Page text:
Manchester is UK’s second city for foreign investment

Manchester has once again topped the UK league tables as the city attracting most foreign direct investment (FDI) outside of London in 2016.

Last year 47 overseas firms either set up and created jobs for the first time, or expanded their existing operations in the city, according to the annual EY UK Attractiveness Survey. That’s way ahead of Birmingham, which saw 20 projects and Leeds, which had 12.

The wider Greater Manchester area accounted for more than three quarters of the total 90 foreign direct investment (FDI) projects recorded across the North West in 2016 – 60% of which were first time investments in the region from international investors.

Cheshire secured nine FDI projects in 2016 and Merseyside eight projects.

Financial & business services, and manufacturing investors dominated FDI in the region with 36 and 35 projects respectively.

Mark Gregory, EY’s chief economist, told TheBusinessDesk: “What goes to London is very different to what comes to the North and Scotland and we are not often competing for the same investment.

“If we look at manufacturing, quite often manufacturing investments in a factory leads to another investment in logistics, for example. But it is likely that the headquarters or sales office will still be in London if it is an international business but the logistics won’t.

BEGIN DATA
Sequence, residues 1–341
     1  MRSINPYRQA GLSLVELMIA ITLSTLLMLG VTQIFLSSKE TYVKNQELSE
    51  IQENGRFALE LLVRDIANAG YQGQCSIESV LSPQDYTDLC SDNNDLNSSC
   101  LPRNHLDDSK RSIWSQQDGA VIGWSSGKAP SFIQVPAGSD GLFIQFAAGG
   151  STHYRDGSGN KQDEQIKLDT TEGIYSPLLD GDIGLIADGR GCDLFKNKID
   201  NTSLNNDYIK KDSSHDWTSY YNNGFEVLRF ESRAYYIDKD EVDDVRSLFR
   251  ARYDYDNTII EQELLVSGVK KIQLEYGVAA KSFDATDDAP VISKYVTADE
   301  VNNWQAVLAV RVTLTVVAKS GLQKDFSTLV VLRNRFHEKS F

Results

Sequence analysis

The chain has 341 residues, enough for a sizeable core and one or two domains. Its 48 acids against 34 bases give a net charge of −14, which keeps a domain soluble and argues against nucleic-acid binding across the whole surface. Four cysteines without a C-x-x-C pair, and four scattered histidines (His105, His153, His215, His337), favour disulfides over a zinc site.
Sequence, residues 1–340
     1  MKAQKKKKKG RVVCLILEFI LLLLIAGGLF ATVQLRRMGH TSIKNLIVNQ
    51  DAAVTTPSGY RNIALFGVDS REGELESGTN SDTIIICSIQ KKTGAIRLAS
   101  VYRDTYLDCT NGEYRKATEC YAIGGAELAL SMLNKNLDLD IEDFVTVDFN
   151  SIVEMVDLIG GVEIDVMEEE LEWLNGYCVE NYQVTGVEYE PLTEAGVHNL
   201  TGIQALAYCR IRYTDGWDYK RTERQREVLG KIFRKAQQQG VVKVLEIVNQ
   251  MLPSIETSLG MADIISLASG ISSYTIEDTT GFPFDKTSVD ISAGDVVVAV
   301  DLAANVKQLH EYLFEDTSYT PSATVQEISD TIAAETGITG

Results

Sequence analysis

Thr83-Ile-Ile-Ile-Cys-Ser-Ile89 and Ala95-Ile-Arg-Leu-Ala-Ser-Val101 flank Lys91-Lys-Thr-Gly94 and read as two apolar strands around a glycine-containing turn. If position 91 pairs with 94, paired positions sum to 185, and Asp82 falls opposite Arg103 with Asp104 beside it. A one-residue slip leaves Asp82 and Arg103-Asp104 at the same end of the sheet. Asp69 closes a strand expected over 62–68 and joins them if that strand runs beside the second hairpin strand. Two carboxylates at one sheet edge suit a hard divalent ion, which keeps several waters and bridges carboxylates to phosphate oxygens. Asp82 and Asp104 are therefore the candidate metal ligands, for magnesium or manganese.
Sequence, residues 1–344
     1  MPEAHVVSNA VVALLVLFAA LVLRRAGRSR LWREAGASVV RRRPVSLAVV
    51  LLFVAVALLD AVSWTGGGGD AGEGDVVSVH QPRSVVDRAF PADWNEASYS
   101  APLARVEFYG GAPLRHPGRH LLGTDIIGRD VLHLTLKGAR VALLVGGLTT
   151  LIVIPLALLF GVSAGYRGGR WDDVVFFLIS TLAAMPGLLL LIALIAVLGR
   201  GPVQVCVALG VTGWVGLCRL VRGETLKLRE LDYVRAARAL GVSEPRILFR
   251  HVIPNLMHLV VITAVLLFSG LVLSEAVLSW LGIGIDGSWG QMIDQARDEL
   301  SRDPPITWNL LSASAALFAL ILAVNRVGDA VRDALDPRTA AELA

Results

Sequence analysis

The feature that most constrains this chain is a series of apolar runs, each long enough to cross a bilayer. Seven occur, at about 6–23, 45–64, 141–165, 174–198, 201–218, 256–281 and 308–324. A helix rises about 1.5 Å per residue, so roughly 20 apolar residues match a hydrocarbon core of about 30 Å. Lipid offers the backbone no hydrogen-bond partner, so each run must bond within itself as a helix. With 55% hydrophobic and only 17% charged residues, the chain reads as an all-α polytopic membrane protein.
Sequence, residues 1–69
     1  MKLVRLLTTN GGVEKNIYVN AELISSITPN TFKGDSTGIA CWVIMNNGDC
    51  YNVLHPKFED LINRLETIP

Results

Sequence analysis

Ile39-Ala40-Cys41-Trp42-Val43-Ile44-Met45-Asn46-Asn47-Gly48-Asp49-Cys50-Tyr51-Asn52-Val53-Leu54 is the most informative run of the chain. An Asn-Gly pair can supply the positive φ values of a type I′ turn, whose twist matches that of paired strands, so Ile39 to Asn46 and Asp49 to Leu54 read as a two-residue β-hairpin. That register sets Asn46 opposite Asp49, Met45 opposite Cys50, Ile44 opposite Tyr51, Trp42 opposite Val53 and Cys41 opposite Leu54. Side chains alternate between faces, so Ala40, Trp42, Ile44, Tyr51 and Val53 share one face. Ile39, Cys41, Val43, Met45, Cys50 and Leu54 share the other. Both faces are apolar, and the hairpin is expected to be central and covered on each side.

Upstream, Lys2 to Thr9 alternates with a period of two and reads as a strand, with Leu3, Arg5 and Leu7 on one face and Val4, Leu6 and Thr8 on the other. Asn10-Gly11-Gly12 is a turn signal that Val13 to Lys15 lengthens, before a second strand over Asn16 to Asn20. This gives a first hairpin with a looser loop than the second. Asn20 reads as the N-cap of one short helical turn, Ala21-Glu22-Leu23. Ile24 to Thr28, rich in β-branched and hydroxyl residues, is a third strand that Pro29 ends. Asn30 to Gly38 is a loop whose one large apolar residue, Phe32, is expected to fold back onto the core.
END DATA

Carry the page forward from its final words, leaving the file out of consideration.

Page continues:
“It is as much about collaboration with London and other parts of the UK as it is about competition.”

The majority of investment in the region originated from the Europe – with 42 projects coming from this trade area – followed by North America, with 27 projects.

On an individual country basis, the US was the biggest investor in the North West region with 25 projects, followed by Germany and France, which both brought in ten projects.  There were four projects apiece from Israel, Denmark and Australia.  In all FDI in the North West was generated from 26 different countries across the globe.

Bob Ward, North West senior partner at EY said: “The work that has taken place to position the North West, and indeed, the whole of the North of England, as a strong investment location in the global marketplace is starting to pay off.  These figures show that the international investment community sees the potential in the region, with its access to the right skills, infrastructure and strong supply chain networks.”

61% of all FDI projects in the North West region were announced before the EU Referendum vote in June 2016, with 39% announced after this date.

Gregory said: “The research suggests that the EU Referendum vote and its aftermath may be having an influence on global perceptions of the UK’s medium to long-term attractiveness. Western European investors are twice as negative as Asian and North American investors.

“Decisions on the majority of investments made in 2016 would have been made up to three years ago, which helps to explain the UK’s solid performance last year, but signs of a slowdown are on the horizon.”